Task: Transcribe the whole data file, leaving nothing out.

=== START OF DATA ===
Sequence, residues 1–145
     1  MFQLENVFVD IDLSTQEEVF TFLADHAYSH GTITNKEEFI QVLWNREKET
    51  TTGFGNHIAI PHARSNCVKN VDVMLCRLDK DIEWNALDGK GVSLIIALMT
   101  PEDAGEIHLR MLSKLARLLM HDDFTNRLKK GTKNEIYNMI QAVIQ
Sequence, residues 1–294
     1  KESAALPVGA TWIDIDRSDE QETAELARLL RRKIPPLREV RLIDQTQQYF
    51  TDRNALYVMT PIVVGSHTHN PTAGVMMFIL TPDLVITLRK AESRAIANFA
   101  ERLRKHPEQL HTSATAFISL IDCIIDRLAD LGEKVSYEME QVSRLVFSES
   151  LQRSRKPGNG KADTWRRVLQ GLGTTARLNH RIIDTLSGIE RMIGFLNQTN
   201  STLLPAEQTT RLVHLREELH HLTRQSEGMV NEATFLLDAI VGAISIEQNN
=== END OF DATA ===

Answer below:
Sequence, residues 1–145
     1  MFQLENVFVD IDLSTQEEVF TFLADHAYSH GTITNKEEFI QVLWNREKET
    51  TTGFGNHIAI PHARSNCVKN VDVMLCRLDK DIEWNALDGK GVSLIIALMT
   101  PEDAGEIHLR MLSKLARLLM HDDFTNRLKK GTKNEIYNMI QAVIQ
Sequence, residues 1–294
     1  KESAALPVGA TWIDIDRSDE QETAELARLL RRKIPPLREV RLIDQTQQYF
    51  TDRNALYVMT PIVVGSHTHN PTAGVMMFIL TPDLVITLRK AESRAIANFA
   101  ERLRKHPEQL HTSATAFISL IDCIIDRLAD LGEKVSYEME QVSRLVFSES
   151  LQRSRKPGNG KADTWRRVLQ GLGTTARLNH RIIDTLSGIE RMIGFLNQTN
   201  STLLPAEQTT RLVHLREELH HLTRQSEGMV NEATFLLDAI VGAISIEQNN